My town, the dear little town of Działoszyce, with sacred trembling, with awe and reverence, I return to you, to you as you once were, Działoszyce, full of life, full of joy and delight. I loved you from the depths of my soul, and if sometimes I left you for a short or long time, I immediately was filled with longing for you. There I saw the first light of the world; I breathed the air of the world for the first time. Oh, how pretty you were, even during your sadness! Yes, there were within you sometimes sad days, but, nevertheless, your grace and beauty never left you.

In the days of my wandering, when I was in foreign lands, in other cities, my desire was only for you. The yearnings gnawed at me. At every turn, I saw in my visions and thoughts the Sabbaths and holidays that were your wings. On Friday afternoon, the “extra soul”[3] was already sensed, the long siren that was sounded from the mikve [ritual bath] was the prelude to the symphony whose name was “the Shabes Queen.” The awakening from above ruled over all. “It is getting late,” the neighbors all rushed each other. “They are already sounding the siren from the ritual bath, and I still have so much to do.” The housewives complained while hugging each other, and immediately I saw Jews returning from the ritual bath, their beards wet, dripping with water, their faces red from the shvitz [steam bath], rushing to get home. After all, the Sabbath was not given just for eating. It was necessary to change clothes and wear Sabbath clothing, to recite “a Jewish word,” the Song of Songs, and to read the weekly portion, twice in the original and once in translation.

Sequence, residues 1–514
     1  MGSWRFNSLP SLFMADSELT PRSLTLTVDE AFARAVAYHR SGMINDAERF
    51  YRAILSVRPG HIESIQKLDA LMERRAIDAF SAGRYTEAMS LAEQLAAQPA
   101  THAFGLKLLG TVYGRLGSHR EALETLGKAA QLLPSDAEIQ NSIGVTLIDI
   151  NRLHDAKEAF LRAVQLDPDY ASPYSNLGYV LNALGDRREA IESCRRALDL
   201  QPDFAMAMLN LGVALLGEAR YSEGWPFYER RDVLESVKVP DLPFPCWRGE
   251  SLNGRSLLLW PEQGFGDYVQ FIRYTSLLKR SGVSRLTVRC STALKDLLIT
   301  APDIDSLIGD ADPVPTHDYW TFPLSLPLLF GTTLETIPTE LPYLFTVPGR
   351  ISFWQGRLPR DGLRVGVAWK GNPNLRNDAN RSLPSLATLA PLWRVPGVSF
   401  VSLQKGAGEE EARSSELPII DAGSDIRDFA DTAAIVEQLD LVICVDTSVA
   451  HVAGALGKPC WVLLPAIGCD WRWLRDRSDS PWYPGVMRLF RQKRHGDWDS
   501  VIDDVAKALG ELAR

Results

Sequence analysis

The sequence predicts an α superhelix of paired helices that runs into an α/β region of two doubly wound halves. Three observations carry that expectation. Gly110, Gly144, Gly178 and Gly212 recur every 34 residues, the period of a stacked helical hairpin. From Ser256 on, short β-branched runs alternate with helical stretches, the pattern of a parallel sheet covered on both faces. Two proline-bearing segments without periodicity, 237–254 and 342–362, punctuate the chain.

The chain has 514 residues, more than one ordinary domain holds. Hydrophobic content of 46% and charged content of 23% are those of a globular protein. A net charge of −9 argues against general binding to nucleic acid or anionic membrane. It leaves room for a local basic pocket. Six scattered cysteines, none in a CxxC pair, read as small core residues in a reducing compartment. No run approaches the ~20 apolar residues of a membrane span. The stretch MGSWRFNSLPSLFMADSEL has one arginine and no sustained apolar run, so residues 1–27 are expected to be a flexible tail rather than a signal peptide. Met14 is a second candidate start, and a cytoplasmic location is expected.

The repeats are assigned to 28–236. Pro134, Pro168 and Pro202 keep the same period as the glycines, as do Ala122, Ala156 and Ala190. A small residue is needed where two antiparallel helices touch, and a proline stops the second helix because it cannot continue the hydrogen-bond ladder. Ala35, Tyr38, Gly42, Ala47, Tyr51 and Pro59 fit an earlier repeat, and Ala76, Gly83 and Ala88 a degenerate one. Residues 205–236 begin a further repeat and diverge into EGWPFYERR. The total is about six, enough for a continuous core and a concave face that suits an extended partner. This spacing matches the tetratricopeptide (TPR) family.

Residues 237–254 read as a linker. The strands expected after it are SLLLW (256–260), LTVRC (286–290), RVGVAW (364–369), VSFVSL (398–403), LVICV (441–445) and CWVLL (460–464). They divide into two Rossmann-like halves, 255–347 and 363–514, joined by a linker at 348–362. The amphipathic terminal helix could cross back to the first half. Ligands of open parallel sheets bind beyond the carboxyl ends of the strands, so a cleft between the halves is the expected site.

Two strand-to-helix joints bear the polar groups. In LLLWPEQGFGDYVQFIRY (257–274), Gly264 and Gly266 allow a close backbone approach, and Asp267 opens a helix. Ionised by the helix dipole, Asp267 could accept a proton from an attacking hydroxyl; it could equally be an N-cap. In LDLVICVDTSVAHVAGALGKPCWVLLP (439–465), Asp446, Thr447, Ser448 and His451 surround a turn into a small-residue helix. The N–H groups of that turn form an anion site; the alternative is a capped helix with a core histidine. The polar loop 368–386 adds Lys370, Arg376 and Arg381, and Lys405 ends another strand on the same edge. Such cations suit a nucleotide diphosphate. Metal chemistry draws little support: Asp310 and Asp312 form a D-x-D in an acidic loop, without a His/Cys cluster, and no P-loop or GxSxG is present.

Suddenly, the voice of the synagogue caretaker was heard,“Licht tzinden” [Kindle the lights], and the streets were filled with Jews dressed for Shabes, going with their children to the synagogue, with their prayer books in hand. Among them, one Jew was seen carrying a hammer and nails rushing to return home. This was the Jew who checked to see if the eruv[4] was in place, so that it should not fail, God forbid, causing one to desecrate the Sabbath by carrying some object that is forbidden to be carried on Shabes if the eruv is not in order. There were instances that the caretakers in the synagogue would interrupt the prayers in the middle, pound on the Torah reading table, and announce: “By the rabbi's word, it is forbidden to carry any object.” Immediately, the children's ears perked up, because only they were allowed to carry the prayer shawls and prayer books home.

In all of the windows, candles flickered. Within a moment, each woman was transformed from a simple woman into the wife of a king, the Shabes Queen. The entire atmosphere was full of light, and the savory smell of the Sabbath foods filled the house. The prayers welcoming the Shabes were concluded. The fathers returned home. The tune of “Shalom Aleichem” was heard from every passageway. Next came the kidesh [blessing] over the wine. All would get up from their places to listen and to sip from the cup. Between each course, ritual songs were sung by the fathers and sons, and so it was during all of the holidays, the holidays of Israel, each holiday with its own beauty.

Pesakh [Passover]